By Joyce Echessa

Adding Maps to an Android App with Google Play Services

By Joyce Echessa
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Android Development with Google Play Services

In the past, traveling to a new or unfamiliar location typically required you to carry around a local map and/or ask locals for directions. Getting lost is becoming a thing of the past, as we can conveniently carry in our pockets a map of not just the whole planet, but one that will show you where you are, give directions to where you want to go, the estimated time it will take to get there, let you mark points of interest and save them for later, enable you to search for places that are close by and much more.

In this article, we’ll look at the Google Maps Android API which enables you to add maps based on Google Maps to your application. The API automatically handles access to Google Maps servers, data downloading, map display, and response to map gestures. You can use the API calls to add markers, polygons, and overlays to a basic map and to change the user’s view of a particular map area. These objects provide additional information for map locations and allow user interaction with the map.

We’ll create an application that will show some of the features available in the API. We won’t cover everything as that would take several posts, but we will cover common features like adding a map to the view, changing the map type, adding a marker to the map to mark a location and configuring the camera which will affect how the user sees a map.

The completed project can be downloaded here.

Get an API Key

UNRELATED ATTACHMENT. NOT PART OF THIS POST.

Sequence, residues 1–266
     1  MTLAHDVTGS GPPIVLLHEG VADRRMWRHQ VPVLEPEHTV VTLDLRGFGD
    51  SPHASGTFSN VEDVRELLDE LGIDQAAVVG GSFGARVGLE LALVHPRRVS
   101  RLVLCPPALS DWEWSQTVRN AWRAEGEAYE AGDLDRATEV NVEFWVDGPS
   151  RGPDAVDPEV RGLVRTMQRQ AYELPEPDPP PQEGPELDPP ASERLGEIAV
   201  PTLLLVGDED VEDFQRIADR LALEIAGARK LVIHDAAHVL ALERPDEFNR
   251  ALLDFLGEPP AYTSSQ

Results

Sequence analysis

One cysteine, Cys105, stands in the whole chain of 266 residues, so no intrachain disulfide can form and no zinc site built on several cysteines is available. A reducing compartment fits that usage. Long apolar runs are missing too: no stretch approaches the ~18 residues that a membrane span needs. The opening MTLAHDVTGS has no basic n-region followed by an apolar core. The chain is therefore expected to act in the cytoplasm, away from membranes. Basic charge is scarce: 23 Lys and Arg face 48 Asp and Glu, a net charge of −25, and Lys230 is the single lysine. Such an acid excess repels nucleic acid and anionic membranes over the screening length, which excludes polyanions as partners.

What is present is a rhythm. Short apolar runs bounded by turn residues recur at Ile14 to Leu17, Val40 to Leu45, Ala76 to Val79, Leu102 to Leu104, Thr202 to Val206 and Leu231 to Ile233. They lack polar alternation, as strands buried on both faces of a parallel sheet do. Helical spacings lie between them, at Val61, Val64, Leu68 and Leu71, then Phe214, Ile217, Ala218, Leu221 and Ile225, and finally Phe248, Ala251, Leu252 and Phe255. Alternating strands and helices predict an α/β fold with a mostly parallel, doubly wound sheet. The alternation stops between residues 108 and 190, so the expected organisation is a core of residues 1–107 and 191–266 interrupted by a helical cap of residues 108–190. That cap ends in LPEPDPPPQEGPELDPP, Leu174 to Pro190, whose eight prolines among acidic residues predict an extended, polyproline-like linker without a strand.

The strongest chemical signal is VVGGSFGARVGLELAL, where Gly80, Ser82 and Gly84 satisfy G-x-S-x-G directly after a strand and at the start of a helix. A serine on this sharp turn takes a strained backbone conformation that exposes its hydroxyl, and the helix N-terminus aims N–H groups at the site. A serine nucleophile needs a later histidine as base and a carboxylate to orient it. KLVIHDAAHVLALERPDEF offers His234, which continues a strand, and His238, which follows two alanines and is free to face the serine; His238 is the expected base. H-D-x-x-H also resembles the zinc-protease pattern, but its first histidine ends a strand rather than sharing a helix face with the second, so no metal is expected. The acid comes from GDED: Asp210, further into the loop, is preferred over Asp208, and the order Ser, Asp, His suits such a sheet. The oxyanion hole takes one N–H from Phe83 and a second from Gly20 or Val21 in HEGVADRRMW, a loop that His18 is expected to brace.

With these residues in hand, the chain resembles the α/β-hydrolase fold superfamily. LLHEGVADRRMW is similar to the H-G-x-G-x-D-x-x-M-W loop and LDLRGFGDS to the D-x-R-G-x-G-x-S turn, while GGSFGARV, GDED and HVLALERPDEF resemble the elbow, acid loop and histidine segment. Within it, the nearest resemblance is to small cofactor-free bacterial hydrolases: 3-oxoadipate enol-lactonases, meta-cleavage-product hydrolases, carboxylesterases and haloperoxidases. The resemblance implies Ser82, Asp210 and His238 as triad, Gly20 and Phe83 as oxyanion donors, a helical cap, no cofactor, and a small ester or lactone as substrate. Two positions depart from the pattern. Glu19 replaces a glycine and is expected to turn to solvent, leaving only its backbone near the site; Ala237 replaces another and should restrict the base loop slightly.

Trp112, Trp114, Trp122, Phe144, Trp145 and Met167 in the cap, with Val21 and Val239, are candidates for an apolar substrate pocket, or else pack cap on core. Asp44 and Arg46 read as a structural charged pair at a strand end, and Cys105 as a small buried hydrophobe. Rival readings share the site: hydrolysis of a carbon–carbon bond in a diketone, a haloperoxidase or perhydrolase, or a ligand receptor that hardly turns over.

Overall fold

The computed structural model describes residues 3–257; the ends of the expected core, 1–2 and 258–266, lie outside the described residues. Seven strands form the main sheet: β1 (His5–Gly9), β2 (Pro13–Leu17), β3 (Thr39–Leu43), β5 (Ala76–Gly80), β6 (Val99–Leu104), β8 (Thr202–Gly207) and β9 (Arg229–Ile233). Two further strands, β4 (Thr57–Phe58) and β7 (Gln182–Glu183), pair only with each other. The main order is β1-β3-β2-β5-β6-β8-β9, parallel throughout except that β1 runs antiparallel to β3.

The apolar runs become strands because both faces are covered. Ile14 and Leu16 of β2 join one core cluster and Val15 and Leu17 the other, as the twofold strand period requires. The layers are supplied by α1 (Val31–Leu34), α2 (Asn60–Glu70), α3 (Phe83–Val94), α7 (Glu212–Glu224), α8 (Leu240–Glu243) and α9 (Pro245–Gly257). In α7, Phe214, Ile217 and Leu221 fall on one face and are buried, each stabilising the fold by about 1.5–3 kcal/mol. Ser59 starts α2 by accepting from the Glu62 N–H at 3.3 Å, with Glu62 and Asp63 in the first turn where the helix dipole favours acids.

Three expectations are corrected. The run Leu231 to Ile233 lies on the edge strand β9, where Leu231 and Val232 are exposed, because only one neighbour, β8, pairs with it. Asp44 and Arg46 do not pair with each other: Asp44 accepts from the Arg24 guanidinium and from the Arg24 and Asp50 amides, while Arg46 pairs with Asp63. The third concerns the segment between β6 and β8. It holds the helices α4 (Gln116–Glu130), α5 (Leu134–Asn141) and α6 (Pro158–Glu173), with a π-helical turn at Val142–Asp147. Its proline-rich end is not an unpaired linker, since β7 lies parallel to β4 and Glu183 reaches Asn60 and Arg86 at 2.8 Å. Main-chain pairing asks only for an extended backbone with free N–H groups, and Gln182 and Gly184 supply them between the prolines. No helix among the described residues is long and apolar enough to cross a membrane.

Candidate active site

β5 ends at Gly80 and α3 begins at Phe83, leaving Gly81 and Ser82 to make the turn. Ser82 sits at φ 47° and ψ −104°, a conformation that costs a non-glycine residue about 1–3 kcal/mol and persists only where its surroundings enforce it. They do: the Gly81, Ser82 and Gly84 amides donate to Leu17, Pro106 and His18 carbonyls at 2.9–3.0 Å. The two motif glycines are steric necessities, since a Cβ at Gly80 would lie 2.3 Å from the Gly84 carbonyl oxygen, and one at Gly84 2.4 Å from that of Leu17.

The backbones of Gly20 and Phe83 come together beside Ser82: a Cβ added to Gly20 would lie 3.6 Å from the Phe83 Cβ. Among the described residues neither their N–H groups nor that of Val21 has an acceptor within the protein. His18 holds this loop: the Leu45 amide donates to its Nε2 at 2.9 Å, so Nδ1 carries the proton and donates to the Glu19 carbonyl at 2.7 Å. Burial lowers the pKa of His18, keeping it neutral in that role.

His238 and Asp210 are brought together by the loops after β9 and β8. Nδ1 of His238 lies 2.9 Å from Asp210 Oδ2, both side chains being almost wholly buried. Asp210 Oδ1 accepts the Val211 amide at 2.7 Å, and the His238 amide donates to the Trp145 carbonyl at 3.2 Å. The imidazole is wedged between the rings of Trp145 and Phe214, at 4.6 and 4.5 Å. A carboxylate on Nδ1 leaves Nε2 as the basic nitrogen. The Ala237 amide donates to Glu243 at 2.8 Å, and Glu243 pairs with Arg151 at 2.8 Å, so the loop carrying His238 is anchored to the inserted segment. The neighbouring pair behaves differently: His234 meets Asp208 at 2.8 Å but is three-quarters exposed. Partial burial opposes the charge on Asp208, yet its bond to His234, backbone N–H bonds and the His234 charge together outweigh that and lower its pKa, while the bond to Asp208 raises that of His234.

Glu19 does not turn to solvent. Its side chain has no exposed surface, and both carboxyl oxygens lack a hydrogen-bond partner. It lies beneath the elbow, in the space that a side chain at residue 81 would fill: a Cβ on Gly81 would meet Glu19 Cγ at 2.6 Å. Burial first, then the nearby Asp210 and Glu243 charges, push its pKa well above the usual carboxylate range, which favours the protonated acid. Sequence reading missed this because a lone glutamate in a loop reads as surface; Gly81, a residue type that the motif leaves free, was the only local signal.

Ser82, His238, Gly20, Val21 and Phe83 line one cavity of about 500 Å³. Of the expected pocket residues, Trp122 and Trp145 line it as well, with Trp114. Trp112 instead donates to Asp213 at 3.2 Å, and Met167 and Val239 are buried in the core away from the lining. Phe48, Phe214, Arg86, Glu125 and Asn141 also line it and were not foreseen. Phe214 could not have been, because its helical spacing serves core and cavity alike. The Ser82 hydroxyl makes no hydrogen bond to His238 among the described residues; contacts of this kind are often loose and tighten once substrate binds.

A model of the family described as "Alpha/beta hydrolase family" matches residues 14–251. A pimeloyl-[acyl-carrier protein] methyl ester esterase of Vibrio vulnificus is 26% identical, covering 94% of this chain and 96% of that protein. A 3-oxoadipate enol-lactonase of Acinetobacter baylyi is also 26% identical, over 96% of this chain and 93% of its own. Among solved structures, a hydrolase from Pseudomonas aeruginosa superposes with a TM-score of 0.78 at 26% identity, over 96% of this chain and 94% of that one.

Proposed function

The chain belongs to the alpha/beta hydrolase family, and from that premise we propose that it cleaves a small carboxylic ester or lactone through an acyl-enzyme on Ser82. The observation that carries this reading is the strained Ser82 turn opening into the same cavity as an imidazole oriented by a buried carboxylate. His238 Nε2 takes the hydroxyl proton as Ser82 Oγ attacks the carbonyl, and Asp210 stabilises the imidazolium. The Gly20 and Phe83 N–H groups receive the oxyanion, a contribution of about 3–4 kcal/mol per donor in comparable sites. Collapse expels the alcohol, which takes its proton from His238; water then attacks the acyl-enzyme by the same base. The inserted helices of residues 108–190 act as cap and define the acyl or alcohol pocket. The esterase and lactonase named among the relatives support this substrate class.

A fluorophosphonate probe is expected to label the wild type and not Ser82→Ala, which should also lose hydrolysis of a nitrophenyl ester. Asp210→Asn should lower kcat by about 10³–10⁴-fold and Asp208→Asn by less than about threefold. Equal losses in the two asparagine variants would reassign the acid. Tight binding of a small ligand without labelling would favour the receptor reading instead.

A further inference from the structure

To use the Google Maps Android API, you must register your app project on the Google Developers Console and get a Google API key to add your app.

The API key is based on a short form of your app’s digital certificate, known as its SHA-1 fingerprint. While you’re developing and testing, you should use a debug certificate (which we’ll cover shortly), but when publishing the app, you have to use a release certificate (you can find instructions for generating a release certificate here).

The Android SDK tools generate a debug certificate automatically when creating a debug build for the first time, so all we have to do is retrieve it. The file is named debug.keystore and by default, it’s stored in the same directory as your Android Virtual Device (AVD) files:

  • OS X and Linux: ~/.android/
  • Windows: C:\Users\\

To see details of the certificate, run the following:

Linux or OS X

keytool -list -v -keystore ~/.android/debug.keystore -alias androiddebugkey -storepass android -keypass android


keytool -list -v -keystore "%USERPROFILE%\.android\debug.keystore" -alias androiddebugkey -storepass android -keypass android

The Terminal will show the MD5 and SHA1 certificate fingerprints, we want the SHA1. Keep the Terminal window open and head over to the to the Google Developer Console. Click the Create Project button to create a new project and name it SP Map Demo.